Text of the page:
Where would we be without our supporting cast?
Peyton Manning wouldn't have time to throw, captains would be swabbing their own decks, and the Dunder Mifflin paper company's brainstorming meetings wouldn't be considered entertainment.
Success typically depends on behind-the-scenes help, and your body is no different. While your abs and biceps receive all the glory, here's a secret: It's the little-known muscles that make the big ones stand out.
The problem is, working the muscles you can't see—like the ones deep inside your core, hips, and shoulders—can be a difficult process. But target those areas, and your whole body benefits. Not only will you look better, but you'll also have more strength and suffer fewer injuries.
More From Men's Health: 4 Moves Trainers Hate
Know it: This muscle, located on the side of your chest along your ribs, attaches to and allows you to rotate your shoulder blade (a.k.a. scapula). It plays a vital role when you raise your shoulder to flex your arm and move it away from your body; that's why it's prominent in boxers but not your average guy. The reason? Blame the bench press. Because of the support provided by the bench, the serratus anterior doesn't receive much direct challenge during this popular exercise, says Mike Robertson, C.S.C.S., a strength coach in Indianapolis.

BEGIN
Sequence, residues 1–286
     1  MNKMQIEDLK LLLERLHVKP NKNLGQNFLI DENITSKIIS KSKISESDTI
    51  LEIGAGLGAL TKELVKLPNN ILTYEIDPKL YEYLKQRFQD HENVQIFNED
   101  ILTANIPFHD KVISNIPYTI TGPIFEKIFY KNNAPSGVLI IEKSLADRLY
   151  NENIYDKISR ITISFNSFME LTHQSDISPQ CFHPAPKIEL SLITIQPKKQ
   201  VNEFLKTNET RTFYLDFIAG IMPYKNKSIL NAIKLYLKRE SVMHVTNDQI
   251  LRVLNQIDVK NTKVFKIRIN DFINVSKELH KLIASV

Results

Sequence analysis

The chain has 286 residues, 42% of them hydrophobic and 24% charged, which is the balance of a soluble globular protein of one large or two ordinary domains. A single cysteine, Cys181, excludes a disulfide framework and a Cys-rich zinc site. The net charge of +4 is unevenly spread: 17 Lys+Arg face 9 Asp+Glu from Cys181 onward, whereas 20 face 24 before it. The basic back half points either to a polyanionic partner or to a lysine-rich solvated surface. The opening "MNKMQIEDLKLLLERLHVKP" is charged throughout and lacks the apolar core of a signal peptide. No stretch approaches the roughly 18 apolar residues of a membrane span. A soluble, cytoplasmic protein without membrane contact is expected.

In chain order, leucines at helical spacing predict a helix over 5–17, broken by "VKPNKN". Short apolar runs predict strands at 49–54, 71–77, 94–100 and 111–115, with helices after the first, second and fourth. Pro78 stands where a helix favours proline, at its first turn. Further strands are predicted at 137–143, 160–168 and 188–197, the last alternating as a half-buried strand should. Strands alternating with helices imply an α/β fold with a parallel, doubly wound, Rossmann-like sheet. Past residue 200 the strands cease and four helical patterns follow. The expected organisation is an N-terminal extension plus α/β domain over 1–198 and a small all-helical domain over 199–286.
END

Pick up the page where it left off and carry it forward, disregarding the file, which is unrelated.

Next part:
Test it: Do a pushup without wearing a shirt and have someone look at your back during the move. If you have a winged scapula, your shoulder blade will stick out; this means your serratus is weak, says Robertson. A strong one suctions your scapula in during the movement, eliminating the winged look.
Improve it: Standard pushups strengthen the muscle, but doing pushup variations is the quickest way to correct a weakness, says Robertson. Use a power rack to perform incline pushups on a barbell. Start with your body at the lowest incline that doesn't allow your shoulders to wing—which means placing the bar relatively high. Perform 3 sets of 8 to 12 repetitions. As you become stronger and learn to control your scapular motion, work your way down the rack until you're doing regular pushups with perfect body alignment.
More From Men's Health: The Toughest Exercise You Aren't Doing (but Should)